We are living in a time when the constant reminders of the threat of the coronavirus seem to be all encompassing; empty streets; closed signs decorating the front doors of restaurants and bars; and of course, the dreaded push notification to our phones in the evening when we are told of the number of new cases and sadly, new deaths. However, we rarely hear about the recovered cases. The Galway Advertiser spoke to Galway woman, Lynn Porter, about her experience of successfully overcoming Covid-19.
“I am much better now,” says Lynn Porter from her bedroom. The 26-year-old is counting down the minutes on her final day in self-isolation after testing positive for Covid-19 11 days previous. “I can around the house and garden tomorrow. I can go to get crisps in the shops and not rely on my family to do everything for me. They were all there for me during the self-isolation but you don’t want to bother them because that is what you feel like you’re doing, even though you are self-isolating to protect them.”
A couple of hours earlier, Lynn who is studying commerce at NUI Galway, had posted to her Facebook page, informing family and friends that she had contracted the virus but was coming to the end of her self-isolation. She had two main goals in posting the news to social media; to thank the efforts of the doctors and nurses as well as her family and to try to offer comfort to those who were undergoing the same protocol.
“I was afraid to tell people I had it because of the whole stigma attached to the virus,” she reveals. “I was afraid of what people may think or say because we didn’t know [a lot about it]. It is awful to be sick and to go into self-isolation away from your family but it had to be done. I hope people reading this may take some comfort. I posted that I had the virus today [on Facebook] but I wasn’t sure of the reaction I would get but I have had huge support from everyone.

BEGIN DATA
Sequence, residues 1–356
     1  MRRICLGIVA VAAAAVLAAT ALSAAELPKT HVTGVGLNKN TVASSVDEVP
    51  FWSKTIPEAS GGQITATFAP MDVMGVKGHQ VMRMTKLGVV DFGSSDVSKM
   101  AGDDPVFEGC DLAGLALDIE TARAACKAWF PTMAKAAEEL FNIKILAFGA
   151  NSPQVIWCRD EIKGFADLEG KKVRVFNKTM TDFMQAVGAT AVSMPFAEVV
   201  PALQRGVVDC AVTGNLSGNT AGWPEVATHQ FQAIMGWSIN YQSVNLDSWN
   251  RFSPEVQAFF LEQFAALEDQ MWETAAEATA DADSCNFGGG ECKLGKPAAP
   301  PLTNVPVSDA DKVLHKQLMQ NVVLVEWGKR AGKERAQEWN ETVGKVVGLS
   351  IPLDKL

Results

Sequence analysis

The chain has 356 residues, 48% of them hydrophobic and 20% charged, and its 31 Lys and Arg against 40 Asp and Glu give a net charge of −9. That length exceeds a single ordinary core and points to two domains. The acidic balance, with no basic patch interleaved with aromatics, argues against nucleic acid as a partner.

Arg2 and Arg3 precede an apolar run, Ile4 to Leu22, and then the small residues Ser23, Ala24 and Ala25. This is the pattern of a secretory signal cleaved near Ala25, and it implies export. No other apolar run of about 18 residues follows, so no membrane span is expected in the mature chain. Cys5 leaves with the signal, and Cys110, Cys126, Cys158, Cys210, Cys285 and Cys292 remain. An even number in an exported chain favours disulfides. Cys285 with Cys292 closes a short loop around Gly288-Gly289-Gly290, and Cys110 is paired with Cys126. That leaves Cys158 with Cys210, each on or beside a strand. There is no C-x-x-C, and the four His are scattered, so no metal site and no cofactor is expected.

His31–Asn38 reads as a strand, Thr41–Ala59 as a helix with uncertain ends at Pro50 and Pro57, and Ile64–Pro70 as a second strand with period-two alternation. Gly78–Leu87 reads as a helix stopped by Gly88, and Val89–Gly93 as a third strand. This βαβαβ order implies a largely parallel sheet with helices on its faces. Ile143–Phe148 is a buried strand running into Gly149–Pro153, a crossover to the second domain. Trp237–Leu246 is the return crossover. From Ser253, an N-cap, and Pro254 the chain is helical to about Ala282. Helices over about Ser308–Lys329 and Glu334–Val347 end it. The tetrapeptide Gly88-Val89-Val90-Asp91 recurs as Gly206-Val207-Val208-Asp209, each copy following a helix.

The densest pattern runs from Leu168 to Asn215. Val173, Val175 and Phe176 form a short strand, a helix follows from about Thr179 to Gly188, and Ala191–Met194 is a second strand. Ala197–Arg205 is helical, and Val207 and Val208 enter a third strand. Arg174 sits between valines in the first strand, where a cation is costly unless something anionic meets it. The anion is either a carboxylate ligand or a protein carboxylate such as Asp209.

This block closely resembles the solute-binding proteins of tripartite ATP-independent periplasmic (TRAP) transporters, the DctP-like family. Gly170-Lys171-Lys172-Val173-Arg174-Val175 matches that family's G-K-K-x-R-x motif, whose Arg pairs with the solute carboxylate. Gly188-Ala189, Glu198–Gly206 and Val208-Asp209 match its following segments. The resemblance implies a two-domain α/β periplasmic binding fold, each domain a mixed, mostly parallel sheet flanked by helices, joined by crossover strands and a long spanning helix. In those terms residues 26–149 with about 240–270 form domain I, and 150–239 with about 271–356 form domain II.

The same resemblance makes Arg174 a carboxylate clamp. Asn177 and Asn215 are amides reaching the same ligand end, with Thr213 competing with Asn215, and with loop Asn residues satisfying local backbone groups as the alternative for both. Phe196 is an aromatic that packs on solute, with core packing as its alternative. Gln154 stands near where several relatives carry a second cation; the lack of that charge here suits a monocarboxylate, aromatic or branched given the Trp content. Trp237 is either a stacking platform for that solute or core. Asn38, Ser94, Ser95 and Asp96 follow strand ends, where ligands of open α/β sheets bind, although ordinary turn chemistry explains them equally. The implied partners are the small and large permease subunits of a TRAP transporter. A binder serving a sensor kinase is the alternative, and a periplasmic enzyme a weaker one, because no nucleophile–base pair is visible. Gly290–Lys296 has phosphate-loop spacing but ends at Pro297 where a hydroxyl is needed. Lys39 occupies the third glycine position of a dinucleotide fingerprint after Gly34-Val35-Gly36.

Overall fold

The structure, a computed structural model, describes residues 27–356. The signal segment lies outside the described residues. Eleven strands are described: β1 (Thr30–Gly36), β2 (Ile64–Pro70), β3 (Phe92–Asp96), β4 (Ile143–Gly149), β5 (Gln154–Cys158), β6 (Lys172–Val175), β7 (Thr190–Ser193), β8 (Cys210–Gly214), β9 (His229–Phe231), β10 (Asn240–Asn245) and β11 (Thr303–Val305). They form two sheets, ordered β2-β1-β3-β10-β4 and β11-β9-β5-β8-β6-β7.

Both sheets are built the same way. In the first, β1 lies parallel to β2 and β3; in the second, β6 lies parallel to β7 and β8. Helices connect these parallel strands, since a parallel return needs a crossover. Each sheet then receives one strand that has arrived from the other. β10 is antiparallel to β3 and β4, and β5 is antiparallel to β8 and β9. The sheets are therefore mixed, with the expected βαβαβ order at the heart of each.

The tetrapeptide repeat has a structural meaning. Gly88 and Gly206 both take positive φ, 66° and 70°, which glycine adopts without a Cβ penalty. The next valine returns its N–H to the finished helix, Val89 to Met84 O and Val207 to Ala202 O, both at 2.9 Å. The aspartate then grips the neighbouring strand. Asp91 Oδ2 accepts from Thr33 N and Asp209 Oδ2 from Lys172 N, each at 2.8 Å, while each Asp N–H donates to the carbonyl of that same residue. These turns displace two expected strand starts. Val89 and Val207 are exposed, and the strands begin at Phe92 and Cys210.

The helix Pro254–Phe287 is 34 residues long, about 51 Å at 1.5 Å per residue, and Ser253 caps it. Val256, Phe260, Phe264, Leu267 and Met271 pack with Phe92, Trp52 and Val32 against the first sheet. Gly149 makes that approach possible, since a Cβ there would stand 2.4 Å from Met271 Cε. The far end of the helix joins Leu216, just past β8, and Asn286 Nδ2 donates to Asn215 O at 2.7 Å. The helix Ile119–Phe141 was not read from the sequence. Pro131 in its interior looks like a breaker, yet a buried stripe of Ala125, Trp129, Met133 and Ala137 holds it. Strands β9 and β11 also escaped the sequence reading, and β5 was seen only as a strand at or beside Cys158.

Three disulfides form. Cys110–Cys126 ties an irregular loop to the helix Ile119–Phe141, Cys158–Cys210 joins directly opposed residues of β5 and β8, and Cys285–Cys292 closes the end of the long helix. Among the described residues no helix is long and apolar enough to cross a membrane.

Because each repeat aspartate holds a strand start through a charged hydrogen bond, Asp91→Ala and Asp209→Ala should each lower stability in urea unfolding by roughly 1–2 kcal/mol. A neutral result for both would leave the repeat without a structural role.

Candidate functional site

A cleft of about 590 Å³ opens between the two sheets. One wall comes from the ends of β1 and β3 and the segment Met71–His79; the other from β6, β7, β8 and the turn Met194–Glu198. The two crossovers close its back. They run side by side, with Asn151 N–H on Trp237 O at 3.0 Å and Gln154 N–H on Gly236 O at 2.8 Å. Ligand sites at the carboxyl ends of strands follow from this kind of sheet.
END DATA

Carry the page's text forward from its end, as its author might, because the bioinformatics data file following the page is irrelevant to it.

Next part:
“One woman reached out to me who is self-isolating and she has four children. I told her it will get easier and you’re always one day closer to getting back to them and that you are doing this to make sure they are fit and healthy. And if anyone has the virus and is self-isolating, they can reach out to me if they need some moral support because it is scary and difficult to be alone.
“When I was in the hospital, it was only two others and myself being held in the ward with the virus and the staff were having to learn as they went because it is a new virus. But I have to say the nurses and doctors were amazing during the whole experience. They were so friendly. Every morning without fail they contacted me to check up on me and asked if I needed any additional support.
“The college, the dean, and the priest were incredibly supportive and checked if we needed any supplies or food. I just wanted to say thanks to everyone especially my family, who supported and helped me through this.”
‘It was like something out of a movie’
Lynn’s symptoms of the virus began as the country woke up to the strangest St Patrick’s Day in living memory, unsure of how to celebrate the national holiday. With a cold, a headache, and soreness in the eyes as well as a temperature, she decided to give the out-of-hours doctor a call. “I had a little bit of temperature so I phoned the Westdoc and I was told to take paracetamol. I did think to myself ‘Am I have been overreacting?’ because of all the stuff we have been told about symptoms, and on the Wednesday, I felt OK.”
However the next day Lynn felt the full effects of the virus and was sent to A&E as her GP feared it might have been meningitis. “On Thursday I felt awful. I had a flu and I couldn’t get out of bed. I had a temperature but no cough at all which seems to be very unusual comparing to what they say about other cases. My eyes were sore; sore neck; sore shoulders. My glands were badly swollen; they were like golfballs in my throat so I phoned my GP and she believed that I may have had meningitis so I was sent to A&E to be tested up [at University Hospital Galway (UHG )].